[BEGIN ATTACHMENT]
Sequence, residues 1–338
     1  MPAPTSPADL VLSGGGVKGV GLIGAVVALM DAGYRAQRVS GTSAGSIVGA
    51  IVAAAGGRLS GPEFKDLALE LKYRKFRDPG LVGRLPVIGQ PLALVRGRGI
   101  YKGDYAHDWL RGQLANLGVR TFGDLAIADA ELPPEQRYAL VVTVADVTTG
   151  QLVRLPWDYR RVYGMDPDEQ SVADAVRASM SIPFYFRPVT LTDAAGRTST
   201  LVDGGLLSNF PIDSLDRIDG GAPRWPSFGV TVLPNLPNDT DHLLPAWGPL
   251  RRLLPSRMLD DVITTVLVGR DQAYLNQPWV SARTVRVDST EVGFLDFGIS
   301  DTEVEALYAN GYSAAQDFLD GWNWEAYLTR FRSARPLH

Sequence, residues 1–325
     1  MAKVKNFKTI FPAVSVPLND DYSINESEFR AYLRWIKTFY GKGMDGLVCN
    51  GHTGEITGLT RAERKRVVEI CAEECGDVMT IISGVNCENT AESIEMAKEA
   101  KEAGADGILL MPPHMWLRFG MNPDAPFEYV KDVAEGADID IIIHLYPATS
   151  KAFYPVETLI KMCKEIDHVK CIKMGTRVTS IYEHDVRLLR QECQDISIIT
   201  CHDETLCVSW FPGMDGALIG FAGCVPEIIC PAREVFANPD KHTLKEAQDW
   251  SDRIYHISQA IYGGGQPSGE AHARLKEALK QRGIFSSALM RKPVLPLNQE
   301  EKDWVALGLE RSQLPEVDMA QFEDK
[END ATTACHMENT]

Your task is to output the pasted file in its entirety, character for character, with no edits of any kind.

Sequence, residues 1–338
     1  MPAPTSPADL VLSGGGVKGV GLIGAVVALM DAGYRAQRVS GTSAGSIVGA
    51  IVAAAGGRLS GPEFKDLALE LKYRKFRDPG LVGRLPVIGQ PLALVRGRGI
   101  YKGDYAHDWL RGQLANLGVR TFGDLAIADA ELPPEQRYAL VVTVADVTTG
   151  QLVRLPWDYR RVYGMDPDEQ SVADAVRASM SIPFYFRPVT LTDAAGRTST
   201  LVDGGLLSNF PIDSLDRIDG GAPRWPSFGV TVLPNLPNDT DHLLPAWGPL
   251  RRLLPSRMLD DVITTVLVGR DQAYLNQPWV SARTVRVDST EVGFLDFGIS
   301  DTEVEALYAN GYSAAQDFLD GWNWEAYLTR FRSARPLH

Sequence, residues 1–325
     1  MAKVKNFKTI FPAVSVPLND DYSINESEFR AYLRWIKTFY GKGMDGLVCN
    51  GHTGEITGLT RAERKRVVEI CAEECGDVMT IISGVNCENT AESIEMAKEA
   101  KEAGADGILL MPPHMWLRFG MNPDAPFEYV KDVAEGADID IIIHLYPATS
   151  KAFYPVETLI KMCKEIDHVK CIKMGTRVTS IYEHDVRLLR QECQDISIIT
   201  CHDETLCVSW FPGMDGALIG FAGCVPEIIC PAREVFANPD KHTLKEAQDW
   251  SDRIYHISQA IYGGGQPSGE AHARLKEALK QRGIFSSALM RKPVLPLNQE
   301  EKDWVALGLE RSQLPEVDMA QFEDK